So to get you all up to speed on the subject of this post (especially those living outside the UK), two “comedians” on the BBC have gotten into hot water for a prank call (in poor taste) on a radio show.
Initially there were a small number of listener complaints but some UK newspapers (potentially with an axe to grind) wouldn’t let the issue drop and their continuous coverage of the issue brought matters to a head.
Subsequently Russell Brand has resigned and Jonathan Ross has been suspended.
Listening to the analysis of the snafu as it developed – and the role the national press played – the thought occurred to me how long would it be before the usual suspects started claiming that in a Trent Lott-like development somehow social media has caused the issue to come to a head.
It didn’t take long.
People are now claiming that social media was central to the whole affair.
Eh not it wasn’t.
This need to justify social media’s central role in everything that happens, is at best unappealing.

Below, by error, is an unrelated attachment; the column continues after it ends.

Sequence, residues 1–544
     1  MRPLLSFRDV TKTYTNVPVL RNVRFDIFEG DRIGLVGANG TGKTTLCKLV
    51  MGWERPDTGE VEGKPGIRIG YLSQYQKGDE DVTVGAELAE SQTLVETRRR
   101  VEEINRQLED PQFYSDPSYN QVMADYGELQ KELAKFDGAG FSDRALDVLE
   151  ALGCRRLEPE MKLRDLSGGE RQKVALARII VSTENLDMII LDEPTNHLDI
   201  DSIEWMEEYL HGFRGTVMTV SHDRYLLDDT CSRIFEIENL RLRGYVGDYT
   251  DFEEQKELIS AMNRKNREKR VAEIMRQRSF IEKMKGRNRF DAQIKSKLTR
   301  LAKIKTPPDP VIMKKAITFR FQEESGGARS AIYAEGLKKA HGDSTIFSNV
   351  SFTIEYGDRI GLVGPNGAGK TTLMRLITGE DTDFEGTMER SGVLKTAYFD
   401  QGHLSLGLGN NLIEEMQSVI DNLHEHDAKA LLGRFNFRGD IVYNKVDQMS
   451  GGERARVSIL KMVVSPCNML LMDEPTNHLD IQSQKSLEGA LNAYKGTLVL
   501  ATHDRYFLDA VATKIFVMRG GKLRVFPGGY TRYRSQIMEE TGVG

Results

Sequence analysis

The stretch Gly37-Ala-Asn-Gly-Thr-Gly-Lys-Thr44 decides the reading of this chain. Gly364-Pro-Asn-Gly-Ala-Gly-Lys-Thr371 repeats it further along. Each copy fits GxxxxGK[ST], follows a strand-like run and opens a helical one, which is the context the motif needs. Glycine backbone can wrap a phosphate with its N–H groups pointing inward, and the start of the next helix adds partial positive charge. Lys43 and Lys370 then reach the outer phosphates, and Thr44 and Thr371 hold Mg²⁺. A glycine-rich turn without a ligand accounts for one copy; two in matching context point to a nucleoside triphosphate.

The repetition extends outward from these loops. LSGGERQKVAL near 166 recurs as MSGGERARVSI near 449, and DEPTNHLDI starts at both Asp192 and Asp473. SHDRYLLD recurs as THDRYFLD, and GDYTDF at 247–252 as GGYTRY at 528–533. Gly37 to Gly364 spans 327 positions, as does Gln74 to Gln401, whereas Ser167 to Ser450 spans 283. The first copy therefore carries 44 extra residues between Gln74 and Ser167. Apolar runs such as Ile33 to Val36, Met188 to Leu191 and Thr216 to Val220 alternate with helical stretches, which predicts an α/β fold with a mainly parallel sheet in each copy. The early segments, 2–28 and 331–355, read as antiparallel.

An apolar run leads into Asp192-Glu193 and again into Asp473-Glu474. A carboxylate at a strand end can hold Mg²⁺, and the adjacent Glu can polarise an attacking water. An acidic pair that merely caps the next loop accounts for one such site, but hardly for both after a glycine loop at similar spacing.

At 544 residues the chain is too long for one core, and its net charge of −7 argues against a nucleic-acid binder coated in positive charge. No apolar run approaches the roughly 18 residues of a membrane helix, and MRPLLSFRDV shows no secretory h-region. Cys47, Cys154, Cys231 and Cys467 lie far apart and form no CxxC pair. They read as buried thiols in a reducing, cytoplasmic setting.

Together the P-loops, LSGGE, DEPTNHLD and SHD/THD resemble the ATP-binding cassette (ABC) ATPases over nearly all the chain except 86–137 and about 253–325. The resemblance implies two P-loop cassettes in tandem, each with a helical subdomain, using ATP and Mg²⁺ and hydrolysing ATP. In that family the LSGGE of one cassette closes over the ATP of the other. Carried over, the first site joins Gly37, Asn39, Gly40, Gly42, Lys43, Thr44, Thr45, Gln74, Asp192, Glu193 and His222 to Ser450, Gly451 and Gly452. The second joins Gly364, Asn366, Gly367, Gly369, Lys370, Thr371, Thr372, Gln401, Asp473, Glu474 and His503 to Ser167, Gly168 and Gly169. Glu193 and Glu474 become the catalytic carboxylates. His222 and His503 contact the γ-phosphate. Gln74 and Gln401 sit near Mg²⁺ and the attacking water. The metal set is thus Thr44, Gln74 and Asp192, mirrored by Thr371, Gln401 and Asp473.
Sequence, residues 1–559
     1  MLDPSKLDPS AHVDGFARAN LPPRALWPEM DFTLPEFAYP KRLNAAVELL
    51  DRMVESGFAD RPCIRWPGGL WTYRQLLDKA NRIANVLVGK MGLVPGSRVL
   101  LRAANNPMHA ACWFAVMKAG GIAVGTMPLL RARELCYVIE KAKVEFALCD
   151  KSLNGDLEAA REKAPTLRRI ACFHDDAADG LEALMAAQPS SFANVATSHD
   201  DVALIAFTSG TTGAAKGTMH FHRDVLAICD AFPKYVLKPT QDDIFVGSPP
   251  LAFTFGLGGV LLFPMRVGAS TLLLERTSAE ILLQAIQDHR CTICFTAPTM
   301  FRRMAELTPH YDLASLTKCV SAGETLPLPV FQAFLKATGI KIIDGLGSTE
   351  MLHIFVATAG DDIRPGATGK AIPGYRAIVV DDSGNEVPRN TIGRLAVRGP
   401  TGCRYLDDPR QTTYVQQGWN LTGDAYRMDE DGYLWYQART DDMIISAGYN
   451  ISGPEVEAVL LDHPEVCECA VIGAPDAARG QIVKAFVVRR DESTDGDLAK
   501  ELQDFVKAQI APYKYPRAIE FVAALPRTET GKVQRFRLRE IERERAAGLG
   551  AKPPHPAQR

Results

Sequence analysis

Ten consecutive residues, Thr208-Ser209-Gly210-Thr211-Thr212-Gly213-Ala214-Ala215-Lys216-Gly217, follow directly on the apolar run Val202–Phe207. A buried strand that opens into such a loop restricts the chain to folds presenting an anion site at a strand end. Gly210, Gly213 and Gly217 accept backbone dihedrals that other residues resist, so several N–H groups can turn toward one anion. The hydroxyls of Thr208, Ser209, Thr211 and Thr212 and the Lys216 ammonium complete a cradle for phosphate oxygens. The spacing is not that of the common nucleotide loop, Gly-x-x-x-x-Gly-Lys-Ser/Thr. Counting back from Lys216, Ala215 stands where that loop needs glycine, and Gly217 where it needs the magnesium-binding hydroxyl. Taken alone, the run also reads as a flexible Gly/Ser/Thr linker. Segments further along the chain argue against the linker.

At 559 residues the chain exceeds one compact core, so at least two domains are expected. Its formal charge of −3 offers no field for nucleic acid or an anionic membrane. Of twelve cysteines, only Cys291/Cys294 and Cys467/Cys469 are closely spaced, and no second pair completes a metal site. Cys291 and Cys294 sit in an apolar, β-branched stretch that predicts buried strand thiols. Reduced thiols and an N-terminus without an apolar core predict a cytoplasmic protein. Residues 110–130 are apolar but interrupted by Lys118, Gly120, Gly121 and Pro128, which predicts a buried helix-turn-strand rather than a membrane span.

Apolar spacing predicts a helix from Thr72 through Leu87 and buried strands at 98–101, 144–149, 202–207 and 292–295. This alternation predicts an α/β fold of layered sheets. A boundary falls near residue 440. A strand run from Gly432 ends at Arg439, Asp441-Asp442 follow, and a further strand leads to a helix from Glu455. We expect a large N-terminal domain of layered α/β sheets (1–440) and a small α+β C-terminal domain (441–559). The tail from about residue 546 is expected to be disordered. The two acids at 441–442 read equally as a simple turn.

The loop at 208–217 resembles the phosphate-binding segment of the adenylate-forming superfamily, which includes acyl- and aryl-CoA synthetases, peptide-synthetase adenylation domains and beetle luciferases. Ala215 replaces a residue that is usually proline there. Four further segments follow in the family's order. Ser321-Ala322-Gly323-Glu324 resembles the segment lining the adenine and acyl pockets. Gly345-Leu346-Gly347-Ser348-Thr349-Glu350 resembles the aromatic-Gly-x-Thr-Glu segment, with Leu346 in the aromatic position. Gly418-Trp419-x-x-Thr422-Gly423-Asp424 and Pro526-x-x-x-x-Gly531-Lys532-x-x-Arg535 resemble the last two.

The world is a crazy, mixed up place. It’s far more complex that many people seem willing to accept, which is why the simplistic and naïve view of social media being the death knell of traditional media (and everything else that pre-dates 2002) is misguided.
For the immediate future we’ll see social media and traditional media living alongside side each other, sometimes operating independently, sometimes together.
But let’s be grown up and stop trying to give credit where it’s not due.
There’s enough hype out there already…
If someone advanced the argument that the traditional media got this issue into the mainstream and that social media fanned the flames by providing access to the footage in the studio and fostered online debate, I’d absolutely buy that. But then that’s all about the integration of traditional and new media. That’s what we’re talking about